3. Jake Bugg, “Lightning Bolt”

Am I cheating with this pick? Yes, I’m absolutely cheating. “Lightning Bolt” was released as a UK single on April 27th…2012. Jake Bugg, the album that features this song, was released in the UK on October 15th…2012. BUT – loophole alert! Bugg didn’t make its way stateside until April of this year; therefore, “Lightning Bolt” makes this year’s list and not last year’s. (Never mind the fact that there was no list last year. NEVER MIND, I SAID!) And here on this list, “Lightning Bolt” is the best pure rock and roll song of them all, clocking in at a mere two minutes and 24 seconds, and using each and every one of those songs to blaze full speed ahead and blast your roofs into another dimension. Bugg – who’s only 19 now, meaning he was probably 17 when he wrote this song – brings to mind a little Dylan here, a little Gallagher brothers there, and a whole lot of songwriting chops all over. This is turbocharged, electric rock-and-freaking-roll, folks. No synths, no loops, no beats. Sit back and let your mind do everything but relax.

2. Washed Out, “All I Know”

I went back through the rest of this post before getting to this section – because I wanted to make sure I hadn’t yet used the word “beautiful”. I hadn’t. And I’m glad, because it wouldn’t be fair to Ernest Greene, a.k.a. Washed Out, to compare, even by a single word, any other song from this year to “All I Know” – a majestic, sweeping, can-this-be-real? offering of music you’d be honored to even dream about. Perhaps “heartbreakingly beautiful” is the appropriate term, considering the chorus: “In the silence I hear your fading call/In your eyes I see and feel it all/In my mind I try to let go/It’s so hard cause you’re all I know”. It’s difficult to even imagine a relationship that could inspire this level of otherworldly musical power. “All I Know” might be the best U2 song released in a decade – it’s just masked behind a wall of chillwave, but if you listen, you can practically hear Bono and The Edge nodding their silent approval.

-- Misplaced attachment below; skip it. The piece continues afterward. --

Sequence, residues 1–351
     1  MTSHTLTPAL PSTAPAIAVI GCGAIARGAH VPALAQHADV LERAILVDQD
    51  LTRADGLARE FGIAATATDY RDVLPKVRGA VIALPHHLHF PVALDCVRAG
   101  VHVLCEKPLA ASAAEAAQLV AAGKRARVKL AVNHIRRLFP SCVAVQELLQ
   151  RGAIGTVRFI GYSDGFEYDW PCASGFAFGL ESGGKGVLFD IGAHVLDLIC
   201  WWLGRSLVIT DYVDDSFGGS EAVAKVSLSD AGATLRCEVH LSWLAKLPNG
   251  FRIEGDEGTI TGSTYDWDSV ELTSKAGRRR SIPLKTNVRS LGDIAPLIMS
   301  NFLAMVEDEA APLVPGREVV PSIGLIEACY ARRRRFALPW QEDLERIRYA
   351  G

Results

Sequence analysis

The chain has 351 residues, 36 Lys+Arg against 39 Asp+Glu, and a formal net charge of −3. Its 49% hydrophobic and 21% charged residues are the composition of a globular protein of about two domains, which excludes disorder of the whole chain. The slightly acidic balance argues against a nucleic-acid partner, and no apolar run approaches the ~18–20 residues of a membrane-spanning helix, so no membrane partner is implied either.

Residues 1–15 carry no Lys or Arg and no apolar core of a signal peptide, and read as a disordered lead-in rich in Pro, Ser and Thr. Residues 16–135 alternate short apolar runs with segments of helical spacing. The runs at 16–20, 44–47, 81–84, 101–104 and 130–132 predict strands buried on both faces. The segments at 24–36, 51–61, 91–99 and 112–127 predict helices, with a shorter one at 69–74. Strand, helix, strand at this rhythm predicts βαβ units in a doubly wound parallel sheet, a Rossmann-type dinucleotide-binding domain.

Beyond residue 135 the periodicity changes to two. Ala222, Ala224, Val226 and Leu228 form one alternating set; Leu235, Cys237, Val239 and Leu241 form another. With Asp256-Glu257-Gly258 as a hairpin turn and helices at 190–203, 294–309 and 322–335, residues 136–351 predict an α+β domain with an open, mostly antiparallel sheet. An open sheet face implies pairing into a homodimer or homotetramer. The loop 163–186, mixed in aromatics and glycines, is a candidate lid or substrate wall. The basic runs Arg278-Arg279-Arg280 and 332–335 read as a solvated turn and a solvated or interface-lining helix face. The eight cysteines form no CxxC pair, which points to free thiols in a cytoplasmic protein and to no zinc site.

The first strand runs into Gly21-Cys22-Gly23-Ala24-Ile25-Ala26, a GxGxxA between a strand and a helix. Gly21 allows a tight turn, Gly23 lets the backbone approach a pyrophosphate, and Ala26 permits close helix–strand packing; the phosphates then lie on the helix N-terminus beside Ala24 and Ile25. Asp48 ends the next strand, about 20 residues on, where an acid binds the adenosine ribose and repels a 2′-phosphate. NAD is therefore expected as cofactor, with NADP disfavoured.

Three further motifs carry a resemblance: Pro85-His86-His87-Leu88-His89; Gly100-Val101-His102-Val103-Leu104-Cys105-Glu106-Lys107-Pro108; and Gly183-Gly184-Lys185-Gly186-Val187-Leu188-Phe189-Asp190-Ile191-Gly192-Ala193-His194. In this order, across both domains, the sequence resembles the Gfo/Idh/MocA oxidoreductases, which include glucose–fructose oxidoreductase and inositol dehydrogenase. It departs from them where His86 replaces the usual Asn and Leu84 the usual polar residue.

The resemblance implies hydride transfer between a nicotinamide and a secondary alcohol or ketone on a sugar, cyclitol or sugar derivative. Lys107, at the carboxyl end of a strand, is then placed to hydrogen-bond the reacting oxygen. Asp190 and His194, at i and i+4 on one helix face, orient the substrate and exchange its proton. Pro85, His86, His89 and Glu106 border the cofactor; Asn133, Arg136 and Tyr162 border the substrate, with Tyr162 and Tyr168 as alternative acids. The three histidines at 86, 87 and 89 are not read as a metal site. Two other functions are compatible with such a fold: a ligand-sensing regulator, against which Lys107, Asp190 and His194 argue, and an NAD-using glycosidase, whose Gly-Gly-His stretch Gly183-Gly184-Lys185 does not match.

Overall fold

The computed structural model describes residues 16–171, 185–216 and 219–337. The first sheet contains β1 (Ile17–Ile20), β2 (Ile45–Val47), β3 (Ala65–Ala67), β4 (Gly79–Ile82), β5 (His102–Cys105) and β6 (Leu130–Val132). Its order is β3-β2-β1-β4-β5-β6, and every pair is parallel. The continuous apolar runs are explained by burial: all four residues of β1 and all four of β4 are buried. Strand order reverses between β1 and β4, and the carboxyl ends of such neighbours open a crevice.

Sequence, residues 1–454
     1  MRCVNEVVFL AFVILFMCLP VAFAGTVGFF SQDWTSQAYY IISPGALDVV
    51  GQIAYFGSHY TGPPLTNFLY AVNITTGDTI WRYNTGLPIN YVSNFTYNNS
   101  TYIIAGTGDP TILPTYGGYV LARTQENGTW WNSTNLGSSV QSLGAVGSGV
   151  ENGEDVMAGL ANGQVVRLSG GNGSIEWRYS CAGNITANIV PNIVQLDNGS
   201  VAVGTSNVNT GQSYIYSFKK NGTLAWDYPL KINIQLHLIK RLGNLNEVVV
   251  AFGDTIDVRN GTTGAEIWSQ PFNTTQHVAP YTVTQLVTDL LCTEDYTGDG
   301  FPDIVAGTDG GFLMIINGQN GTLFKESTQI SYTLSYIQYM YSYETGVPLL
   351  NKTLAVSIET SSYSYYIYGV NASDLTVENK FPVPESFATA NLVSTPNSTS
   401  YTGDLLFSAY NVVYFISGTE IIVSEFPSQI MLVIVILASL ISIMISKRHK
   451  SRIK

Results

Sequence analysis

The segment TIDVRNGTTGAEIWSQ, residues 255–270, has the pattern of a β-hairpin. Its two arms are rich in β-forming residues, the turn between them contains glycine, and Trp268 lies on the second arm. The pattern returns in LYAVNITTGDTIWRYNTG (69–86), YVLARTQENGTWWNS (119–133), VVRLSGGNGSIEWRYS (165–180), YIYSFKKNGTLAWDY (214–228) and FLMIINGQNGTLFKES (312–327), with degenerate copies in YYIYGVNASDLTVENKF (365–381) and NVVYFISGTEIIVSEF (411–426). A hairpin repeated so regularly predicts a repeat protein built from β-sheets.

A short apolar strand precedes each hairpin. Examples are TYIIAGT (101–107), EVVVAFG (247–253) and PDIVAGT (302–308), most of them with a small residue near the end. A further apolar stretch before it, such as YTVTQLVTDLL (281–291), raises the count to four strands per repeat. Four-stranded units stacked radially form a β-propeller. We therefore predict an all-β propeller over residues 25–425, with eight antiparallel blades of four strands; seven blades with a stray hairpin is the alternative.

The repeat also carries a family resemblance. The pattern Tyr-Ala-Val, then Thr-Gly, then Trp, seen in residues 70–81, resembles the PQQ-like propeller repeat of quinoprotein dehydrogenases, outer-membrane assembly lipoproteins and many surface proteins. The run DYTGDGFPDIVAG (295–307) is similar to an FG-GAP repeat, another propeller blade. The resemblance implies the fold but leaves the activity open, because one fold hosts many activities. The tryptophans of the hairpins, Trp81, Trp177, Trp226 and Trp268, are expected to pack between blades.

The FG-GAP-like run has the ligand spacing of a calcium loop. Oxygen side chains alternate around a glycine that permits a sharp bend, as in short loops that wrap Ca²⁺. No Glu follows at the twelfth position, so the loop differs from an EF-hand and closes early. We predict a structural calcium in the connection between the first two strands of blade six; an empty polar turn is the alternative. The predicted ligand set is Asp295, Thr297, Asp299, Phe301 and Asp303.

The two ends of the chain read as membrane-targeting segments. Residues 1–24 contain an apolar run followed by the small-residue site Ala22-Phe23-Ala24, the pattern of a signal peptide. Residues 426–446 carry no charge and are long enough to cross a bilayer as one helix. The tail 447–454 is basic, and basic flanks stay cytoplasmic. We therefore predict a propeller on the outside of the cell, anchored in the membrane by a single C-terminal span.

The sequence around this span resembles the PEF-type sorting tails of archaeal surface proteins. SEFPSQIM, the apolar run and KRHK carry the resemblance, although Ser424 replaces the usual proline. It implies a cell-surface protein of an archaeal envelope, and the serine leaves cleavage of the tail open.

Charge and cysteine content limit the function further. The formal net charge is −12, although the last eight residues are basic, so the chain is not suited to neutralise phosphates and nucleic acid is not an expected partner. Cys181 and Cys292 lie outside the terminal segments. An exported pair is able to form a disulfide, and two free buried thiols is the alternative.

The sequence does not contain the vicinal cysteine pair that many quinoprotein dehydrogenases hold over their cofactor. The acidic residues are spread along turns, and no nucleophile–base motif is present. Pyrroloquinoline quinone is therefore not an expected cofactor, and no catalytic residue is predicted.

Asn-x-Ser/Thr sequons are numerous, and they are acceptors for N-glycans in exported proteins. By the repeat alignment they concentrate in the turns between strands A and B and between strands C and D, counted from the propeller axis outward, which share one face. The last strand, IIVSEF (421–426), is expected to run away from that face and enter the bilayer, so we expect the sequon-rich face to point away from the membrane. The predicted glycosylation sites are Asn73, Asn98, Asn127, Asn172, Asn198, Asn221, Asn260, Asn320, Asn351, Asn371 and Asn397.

1. Daft Punk feat. Pharrell Williams & Nile Rodgers, “Get Lucky”

You can certainly make an argument for another song as the #1 song of 2013. You’ll just be wrong. We’ve already anointed 2013 as the Year of Pharrell, and yet “Blurred Lines” – which topped the U.S. charts for 12 consecutive weeks (12!!) – is only his second-greatest contribution. “Get Lucky” may not have surpassed Robin Thicke’s runaway smash on the Billboard charts, but it’s #1 with a bullet in our hearts. This song is so effortlessly brilliant, it sounds as if the entire thing was conceived in one revolutionary dream and then cut to tape immediately after. Nile Rodgers’ funk-tastic guitar riff, Pharrell’s joyously light vocals, the wondrous beeps in the outro – it’s all perfection. The guitar riff and the chorus, in particular, are destined to dwell in our collective human memory (random…access…memory? Eh?) for the eternity of time.

tl;dr “Get Lucky” is the funkiest, catchiest, happiest, best piece of music this year. End of story. Good night.